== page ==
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Working With Oracle® Solaris 11.3 Directory and Naming Services: LDAP

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Updated: September 2018

LDAP Account Management

With pam_krb5 performing account and password management, the Kerberos environment manages all of the account, password, account lockout, and other account management details.

If you do not use pam_krb5, then configure the LDAP naming service to take advantage of the password and account lockout policy support in ODSEE. You can configure pam_ldap to support user account management. With the proper PAM configuration, the passwd command enforces password syntax rules set by the ODSEE password policy. However, do not enable account management for proxy accounts.

The following account management features are supported by pam_ldap. These features depend on the ODSEE password and account lockout policy configuration. You can enable the following account management features:

  • Password aging and expiration notification – Users must change their passwords according to a schedule. Otherwise, the password expires and user authentication fails.

    Users are warned whenever they log in within the expiration warning period. The warning includes the remaining time before password expiration.

  • Password syntax checking – New passwords must meet the minimum password length requirements. A password must not match the value of the uid, cn, sn, or mail attributes in the user’s directory entry.

  • Password history checking – Users cannot reuse passwords. LDAP administrators can configure the number of passwords kept in the server’s history list.

  • User account lockout - A user account can be locked out after a specified number of repeated authentication failures. Users can also be locked out if their accounts are inactivated by an administrator. Authentication failure continues until the account lockout time is passed or the administrator reactivates the account.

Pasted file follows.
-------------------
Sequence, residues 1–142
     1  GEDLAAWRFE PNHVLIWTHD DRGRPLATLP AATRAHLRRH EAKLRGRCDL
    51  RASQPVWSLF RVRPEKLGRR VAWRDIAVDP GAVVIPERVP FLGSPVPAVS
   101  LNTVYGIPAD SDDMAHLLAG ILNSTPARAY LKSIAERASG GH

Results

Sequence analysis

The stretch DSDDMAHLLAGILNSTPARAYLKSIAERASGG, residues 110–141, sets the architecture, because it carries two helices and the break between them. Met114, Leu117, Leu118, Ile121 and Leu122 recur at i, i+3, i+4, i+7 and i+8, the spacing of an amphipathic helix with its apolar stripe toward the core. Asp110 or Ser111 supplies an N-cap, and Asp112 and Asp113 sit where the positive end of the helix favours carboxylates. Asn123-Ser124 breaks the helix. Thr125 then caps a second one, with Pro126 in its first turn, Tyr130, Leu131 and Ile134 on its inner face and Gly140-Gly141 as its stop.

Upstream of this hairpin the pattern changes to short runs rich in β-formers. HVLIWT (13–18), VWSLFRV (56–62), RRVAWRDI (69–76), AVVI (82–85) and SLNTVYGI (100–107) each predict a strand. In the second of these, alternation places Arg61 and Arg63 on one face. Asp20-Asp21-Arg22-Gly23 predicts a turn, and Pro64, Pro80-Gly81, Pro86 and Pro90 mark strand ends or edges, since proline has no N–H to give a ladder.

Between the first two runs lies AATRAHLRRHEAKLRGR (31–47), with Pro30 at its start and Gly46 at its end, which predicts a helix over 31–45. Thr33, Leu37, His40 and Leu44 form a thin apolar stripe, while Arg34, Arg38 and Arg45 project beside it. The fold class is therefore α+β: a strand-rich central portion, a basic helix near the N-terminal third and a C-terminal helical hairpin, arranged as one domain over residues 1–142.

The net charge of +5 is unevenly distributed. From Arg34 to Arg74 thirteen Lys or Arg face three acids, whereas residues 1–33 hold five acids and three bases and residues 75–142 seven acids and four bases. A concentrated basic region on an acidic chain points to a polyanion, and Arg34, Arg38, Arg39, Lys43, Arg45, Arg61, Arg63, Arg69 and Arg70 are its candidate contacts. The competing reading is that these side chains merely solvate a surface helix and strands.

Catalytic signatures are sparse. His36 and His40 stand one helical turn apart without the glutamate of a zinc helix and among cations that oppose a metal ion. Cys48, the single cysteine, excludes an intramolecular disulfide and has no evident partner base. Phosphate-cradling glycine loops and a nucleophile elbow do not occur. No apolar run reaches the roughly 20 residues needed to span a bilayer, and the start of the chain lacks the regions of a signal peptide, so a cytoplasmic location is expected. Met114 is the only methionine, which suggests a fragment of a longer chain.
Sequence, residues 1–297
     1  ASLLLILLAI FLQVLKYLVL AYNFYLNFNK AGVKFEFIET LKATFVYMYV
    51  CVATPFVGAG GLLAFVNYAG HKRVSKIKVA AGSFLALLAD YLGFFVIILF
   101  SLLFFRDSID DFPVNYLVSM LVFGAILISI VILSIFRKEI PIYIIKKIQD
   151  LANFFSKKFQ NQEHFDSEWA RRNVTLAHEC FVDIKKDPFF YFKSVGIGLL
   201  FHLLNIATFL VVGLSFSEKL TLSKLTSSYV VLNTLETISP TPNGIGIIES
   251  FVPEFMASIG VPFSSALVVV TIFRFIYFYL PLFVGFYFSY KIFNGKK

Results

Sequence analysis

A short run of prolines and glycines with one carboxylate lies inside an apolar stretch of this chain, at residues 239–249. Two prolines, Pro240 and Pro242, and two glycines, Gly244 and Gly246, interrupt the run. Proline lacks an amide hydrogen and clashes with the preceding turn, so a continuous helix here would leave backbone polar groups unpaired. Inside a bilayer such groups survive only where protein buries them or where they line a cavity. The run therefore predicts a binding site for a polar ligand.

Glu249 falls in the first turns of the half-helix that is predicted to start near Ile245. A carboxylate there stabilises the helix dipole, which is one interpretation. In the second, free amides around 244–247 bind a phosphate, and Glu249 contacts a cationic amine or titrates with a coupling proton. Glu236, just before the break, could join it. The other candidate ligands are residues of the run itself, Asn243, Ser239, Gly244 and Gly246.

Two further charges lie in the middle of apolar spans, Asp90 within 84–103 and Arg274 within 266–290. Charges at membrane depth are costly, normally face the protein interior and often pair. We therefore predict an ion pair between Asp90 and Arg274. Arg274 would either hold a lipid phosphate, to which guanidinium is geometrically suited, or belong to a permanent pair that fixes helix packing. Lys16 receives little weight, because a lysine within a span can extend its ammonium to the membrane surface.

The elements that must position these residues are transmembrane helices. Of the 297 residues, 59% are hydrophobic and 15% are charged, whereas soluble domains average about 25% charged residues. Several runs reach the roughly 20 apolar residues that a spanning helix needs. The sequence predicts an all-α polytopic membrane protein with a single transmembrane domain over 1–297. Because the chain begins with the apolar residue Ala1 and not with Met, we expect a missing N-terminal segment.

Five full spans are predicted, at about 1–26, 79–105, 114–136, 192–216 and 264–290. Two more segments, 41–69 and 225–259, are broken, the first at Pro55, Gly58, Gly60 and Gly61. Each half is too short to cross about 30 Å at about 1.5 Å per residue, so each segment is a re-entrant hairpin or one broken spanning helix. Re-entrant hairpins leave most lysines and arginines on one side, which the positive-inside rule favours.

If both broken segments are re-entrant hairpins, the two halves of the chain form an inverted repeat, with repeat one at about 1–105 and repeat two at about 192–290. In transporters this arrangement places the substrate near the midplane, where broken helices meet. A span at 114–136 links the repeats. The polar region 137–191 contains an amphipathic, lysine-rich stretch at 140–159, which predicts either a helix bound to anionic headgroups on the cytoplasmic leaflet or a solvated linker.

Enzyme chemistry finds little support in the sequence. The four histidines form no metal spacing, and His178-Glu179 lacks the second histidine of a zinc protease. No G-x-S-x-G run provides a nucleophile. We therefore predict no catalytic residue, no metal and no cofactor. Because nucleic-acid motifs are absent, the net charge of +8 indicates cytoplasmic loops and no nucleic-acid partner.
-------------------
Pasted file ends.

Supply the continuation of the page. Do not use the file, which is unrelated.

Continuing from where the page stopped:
These account management features work only with the ODSEE. For information about configuring the password and account lockout policy on the LDAP server, see Directory Server Password Policy in Oracle® Fusion Middleware Administrator's Guide for Oracle Directory Server Enterprise Edition. For an example of LDAP account management with the pam_ldap module, see Example 6, Sample pam.conf File Using the pam_ldap Module for Account Management.

Before configuring the password and account lockout policy on the ODSEE, make sure all hosts use the most recent version of the LDAP client with pam_ldap account management. Additionally, make sure the clients have a properly configured pam.conf file. Otherwise, the LDAP naming service fails when proxy or user passwords expire.

LDAP Account Management With the pam_unix_* Modules

The LDAP naming service supports the full functionality of the passwd command and the pam_unix_* modules in the files naming service. If the enableShadowUpdate switch is enabled, account management functionality becomes available to both local accounts and LDAP accounts. The functionality includes password aging, account expiry and notification, and failed login account locking. Also, LDAP supports the –dluNfnwx options of the passwd command. The enableShadowUpdate switch enables the implementation of consistent account management for users who are defined in both the files and the LDAP scope.

The pam_ldap and the pam_unix_* modules are incompatible. The pam_ldap module requires that passwords be modifiable by users, but the pam_unix_* modules do not allow the users to modify passwords. Therefore, you cannot use the two modules together in the same LDAP naming domain. Either all clients use the pam_ldap module or all clients use the pam_unix_* modules. As a consequence of this limitation, you might need to use a dedicated LDAP server in cases where a web or email application, for example, might require users to change their own passwords on the LDAP server.

Implementing enableShadowUpdate also requires that the administrator credential (adminDN and adminPassword) is stored locally on every client in the svc:/network/ldap/client service.

Do not change the /etc/pam.conf file to use the pam_unix_* modules for account management. The default /etc/pam.conf file is sufficient.